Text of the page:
The Sunday Gardener's Blog

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  1. Many gardens have areas where we struggle to grow shrubs and plants because of difficult growing conditions. It may be because the area is exposed, or predominately shady, too wet or too dry. In this blog written for Thompson and Morgan,…/ I look at tough plants for tough places. There are lots of ideas for tough plants suitable for those tricky garden areas. A bonus is that all the plants and shrubs mentioned are easy to grow, so green fingers, not required.


    Tough plants for damp shade Hosta


    Tough plants for exposed areas grasses and Achillea
    Tough plants for conservatories Sedum ‘Herbstfreude’ is ideal for poor soil and dry conditions


  2. potting on cucumber

    Gardeners and garden magazines often refer to the need to 're pot a plant' but how do you know when to do this?

    Re pot too soon and you risk a small plant loosing itself in an overly large pot, too late and the roots are a tangled mess and the plant is pot bound.

    The first thing is to look at the underneath of the pot, carefully holding the plant in place. Can you see roots and plenty of them?

    If so slide the plant out of the pot and look. Illustrated left is a cucumber plant and you can see that there are lots of roots, filling the space and most of the compost, but not jammed in. This plant has filled up its pot, it is ready for potting on, just at the right stage before it becomes too congested.

    Given that I want to make sure the cucumber has lots of growing space I potted it on today, into a pot around 10cms (in total) larger than the existing pot so it has about 5cms depth and on each side to grow into. This is a bit generous, but cucumber are vigorous and growing strongly at this time of year. It will expand nicely into the space and hopefully soon some juicy home grown cucumbers to enjoy.


  3. There is so much to enjoy in the garden in June when all is still fresh and beginning to bloom. What is in flower in June still depends in part on the prevailing weather in the different parts of the country. This year we enjoyed a very warm spring, which set everything in the garden growing at a gallop, which since been slowed down by the cooler, unsettled weather during late May and June. Still the garden is looking very lovely.




    Peony are looking good at this time of year and whilst the flowers are relatively short lived, they are very beautiful and blousy. By late in June we may think that Peony time is over but the different varieties of Peony will flower over quite a long period and there are some later flowering varieties, such as illustrated P.'Bowl of Beauty'. Different types of Peony will flower from May to June, so you can have successive flowering.
    allium with butterfly 310

    June is definitely Allium time, they make a great statement in the border with their tall large flowers, some like fluffy pom poms others architectural and spiky.

    There are so many to chose from and a good number are illustrated at How to Grow Alliums. There is a gallery of images to help you chose the right Allium for your garden together with planting and growing advice. That said, however, Allium are a fairly self sufficient type of plant not requiring a great deal of attention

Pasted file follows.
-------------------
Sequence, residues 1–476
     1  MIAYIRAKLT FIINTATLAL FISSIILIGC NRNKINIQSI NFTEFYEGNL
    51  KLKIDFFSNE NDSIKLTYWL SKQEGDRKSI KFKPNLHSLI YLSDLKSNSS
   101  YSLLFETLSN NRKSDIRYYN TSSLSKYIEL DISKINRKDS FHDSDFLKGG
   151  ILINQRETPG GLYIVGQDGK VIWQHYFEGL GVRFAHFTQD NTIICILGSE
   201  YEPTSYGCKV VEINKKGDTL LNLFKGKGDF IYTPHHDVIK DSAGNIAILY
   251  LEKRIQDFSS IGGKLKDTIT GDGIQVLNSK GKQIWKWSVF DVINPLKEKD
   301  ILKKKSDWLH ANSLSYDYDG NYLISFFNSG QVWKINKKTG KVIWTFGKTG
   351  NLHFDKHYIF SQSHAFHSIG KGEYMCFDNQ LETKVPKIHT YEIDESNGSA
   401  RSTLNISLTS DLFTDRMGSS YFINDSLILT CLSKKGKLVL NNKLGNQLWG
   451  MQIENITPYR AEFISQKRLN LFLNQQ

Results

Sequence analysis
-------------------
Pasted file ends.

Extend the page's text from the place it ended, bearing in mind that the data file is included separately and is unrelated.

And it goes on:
Clematis crystal fountain

    This is Clematis ' Crystal fountain' and I  love these patio style Clematis . 

    This is a compact variety, less rampant than many clematis and so easier to grow, maintain and prune.

    There is also a chance it will repeat flower, especially if a good good summer weather wise, if it is deadheaded during this first flowering. Fingers crossed but it is making a fabulous showing now.


    Rosa Rugosa starts to flower in June and will flower for at least a month or so. It is a tough rose, will still flower if neglected and is much loved by bees.

    It will produce lovely hips later on in the year and is tolerant of most conditions including salt leaded winds making it ideal for a sea side garden.

    yellow flag iris

    There are lots of different types of Iris, about 300 species in the genus with different types of flowers, and with beards, or not beards ; this is the semi wild variety the Yellow flag Irish latin name Iris pseudacorus. 

    It is a woodland plant which likes damp areas and streamsides. It flowers best in the sun but will tolerate dappled shade. It makes a lovely addition to a wild area, which is where I grow it or alongside a pond.


     Tall graceful stems with the delicate flowers of mauve and white illustrated is Thalictrum delavayi, a stunning plant which is just irresistable.

    Easy to grow it adds height and colour the borders, mixed well with cottage plants such as Delphinium and Achillea but also looks good with grasses as its seed heads are attractive and I always leave them on the plant for as long as possible . Growing Tips.


  4. Scented Sweet Blue Scented Clem

    Image Thorncroft

    A lovely new Clematis was launched at Chelsea by Thorncroft and the good news, it's scented.

    Clematis SUGAR SWEET™ BLUE 'Scented Clem' is early flowering in April and May. It has pretty violet blue flowers and said to have an almond scent, more pronounced early morning and evening.

    Given its flowering time, I am assuming it is a group 1 which means little or no pruning and so one of the easier Clematis to grow.

    If you want to try something new for next year take a look details on Thorncroft website.